Newly found coins underneath Jerusalem's Western Wall could change the accepted belief about the construction of one of the world's most sacred sites two millennia ago, Israeli archaeologists said Wednesday.The article goes on to explain that the finding confirms the report of the construction of the temple offered by Josephus, a first-century Jewish historian.
It was long thought that the compound known to Jews as the Temple Mount and to Muslims as the Noble Sanctuary was built in its entirety by Herod, a Jewish ruler who died in 4 B.C. The compound replaced and expanded a much older Jewish temple complex on the same site.
But archaeologists with the Israel Antiquities Authority now say diggers have found coins underneath the massive foundation stones of the compound's Western Wall that were stamped by a Roman proconsul 20 years after Herod's death.
That indicates that Herod did not build the wall - part of which is venerated as Judaism's holiest prayer site - and that construction was not close to being complete at the time of his death.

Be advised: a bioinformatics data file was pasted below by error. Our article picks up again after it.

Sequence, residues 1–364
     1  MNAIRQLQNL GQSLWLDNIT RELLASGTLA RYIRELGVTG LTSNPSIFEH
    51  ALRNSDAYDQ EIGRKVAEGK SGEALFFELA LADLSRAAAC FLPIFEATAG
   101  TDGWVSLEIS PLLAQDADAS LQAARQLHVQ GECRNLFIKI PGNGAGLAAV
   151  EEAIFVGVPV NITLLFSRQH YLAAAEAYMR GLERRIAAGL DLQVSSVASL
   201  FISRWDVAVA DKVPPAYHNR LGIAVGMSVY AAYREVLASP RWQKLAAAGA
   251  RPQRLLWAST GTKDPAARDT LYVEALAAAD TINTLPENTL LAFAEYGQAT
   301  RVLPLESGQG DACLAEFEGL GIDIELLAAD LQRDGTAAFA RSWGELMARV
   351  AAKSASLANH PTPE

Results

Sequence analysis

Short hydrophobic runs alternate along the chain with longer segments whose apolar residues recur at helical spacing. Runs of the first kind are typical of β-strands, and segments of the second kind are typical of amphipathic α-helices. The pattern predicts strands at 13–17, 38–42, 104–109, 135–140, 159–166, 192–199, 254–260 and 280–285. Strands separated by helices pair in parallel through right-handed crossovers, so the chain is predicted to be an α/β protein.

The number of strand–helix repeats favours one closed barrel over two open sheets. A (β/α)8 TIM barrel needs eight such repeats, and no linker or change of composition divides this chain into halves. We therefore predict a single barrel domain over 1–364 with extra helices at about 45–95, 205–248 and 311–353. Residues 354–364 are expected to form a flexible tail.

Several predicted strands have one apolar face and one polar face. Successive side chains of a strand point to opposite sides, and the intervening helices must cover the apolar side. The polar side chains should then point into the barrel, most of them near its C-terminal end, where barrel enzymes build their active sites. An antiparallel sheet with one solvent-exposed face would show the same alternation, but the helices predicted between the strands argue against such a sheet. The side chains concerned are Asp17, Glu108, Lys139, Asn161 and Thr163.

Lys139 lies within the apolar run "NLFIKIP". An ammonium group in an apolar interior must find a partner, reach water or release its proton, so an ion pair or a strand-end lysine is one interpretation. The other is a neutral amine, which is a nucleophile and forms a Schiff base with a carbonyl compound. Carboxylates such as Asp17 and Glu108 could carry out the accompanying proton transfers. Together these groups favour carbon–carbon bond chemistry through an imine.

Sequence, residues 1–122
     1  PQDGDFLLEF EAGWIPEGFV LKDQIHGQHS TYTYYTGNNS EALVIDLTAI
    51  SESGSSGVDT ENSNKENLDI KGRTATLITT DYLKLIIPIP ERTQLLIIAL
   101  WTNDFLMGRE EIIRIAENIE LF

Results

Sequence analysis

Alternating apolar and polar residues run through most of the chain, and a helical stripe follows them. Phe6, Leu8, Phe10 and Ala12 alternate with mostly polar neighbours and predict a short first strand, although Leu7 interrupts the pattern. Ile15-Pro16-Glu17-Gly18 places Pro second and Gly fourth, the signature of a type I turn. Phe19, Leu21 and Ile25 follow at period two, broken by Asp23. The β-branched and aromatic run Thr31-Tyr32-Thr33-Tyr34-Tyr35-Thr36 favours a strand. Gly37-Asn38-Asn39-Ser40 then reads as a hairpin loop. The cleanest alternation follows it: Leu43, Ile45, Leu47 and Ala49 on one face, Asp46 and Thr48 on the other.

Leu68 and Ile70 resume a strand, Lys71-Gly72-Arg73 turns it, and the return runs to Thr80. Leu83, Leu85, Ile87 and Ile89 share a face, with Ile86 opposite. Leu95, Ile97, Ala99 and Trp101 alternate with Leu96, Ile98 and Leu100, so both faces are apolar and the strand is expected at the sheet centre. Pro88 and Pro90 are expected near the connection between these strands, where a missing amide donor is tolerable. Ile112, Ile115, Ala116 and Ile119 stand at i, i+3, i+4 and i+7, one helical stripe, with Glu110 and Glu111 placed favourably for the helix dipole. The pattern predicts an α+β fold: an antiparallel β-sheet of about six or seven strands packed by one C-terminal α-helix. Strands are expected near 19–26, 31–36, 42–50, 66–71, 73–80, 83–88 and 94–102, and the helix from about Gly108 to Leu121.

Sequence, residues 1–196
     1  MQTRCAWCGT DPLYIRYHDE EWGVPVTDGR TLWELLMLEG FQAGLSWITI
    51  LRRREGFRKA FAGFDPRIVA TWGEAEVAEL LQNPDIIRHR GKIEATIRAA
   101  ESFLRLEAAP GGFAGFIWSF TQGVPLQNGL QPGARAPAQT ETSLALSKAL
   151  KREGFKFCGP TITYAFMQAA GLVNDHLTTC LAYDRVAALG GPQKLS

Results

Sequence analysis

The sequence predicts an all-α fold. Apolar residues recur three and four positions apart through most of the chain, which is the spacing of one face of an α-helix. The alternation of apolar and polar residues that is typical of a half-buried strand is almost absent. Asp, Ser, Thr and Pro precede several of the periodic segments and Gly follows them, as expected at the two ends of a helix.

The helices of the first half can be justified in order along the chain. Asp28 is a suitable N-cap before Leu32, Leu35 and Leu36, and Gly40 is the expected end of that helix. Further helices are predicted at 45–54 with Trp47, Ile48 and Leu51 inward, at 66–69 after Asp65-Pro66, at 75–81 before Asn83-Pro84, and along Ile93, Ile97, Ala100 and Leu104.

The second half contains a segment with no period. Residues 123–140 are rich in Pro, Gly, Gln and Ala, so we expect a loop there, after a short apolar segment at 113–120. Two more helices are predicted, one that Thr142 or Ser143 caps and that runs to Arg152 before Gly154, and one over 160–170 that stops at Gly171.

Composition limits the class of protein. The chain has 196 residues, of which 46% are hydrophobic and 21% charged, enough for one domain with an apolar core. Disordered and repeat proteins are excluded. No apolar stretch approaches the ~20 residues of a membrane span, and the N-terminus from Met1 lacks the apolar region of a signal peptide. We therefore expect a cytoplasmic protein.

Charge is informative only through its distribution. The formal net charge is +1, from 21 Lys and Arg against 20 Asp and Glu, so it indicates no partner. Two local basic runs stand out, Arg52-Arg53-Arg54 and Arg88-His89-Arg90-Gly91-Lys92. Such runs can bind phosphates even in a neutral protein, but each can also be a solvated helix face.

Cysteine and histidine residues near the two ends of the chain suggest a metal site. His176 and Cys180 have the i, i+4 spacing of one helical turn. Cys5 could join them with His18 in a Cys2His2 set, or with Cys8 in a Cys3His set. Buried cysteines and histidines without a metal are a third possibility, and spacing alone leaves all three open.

"The find changes the way we see the construction, and shows it lasted for longer than we originally thought," said the dig's co-director, Eli Shukron.
"The coins confirm a contemporary account by Josephus Flavius, a Jewish general who became a Roman historian. Writing after the destruction of the Temple by Rome in 70 A.D., he recounted that work on the Temple Mount was completed only by King Agrippa II, Herod's great-grandson."H/T Jim West, who has a great slideshow of pictures from the dig. Great stuff! Check them out! See also the video below: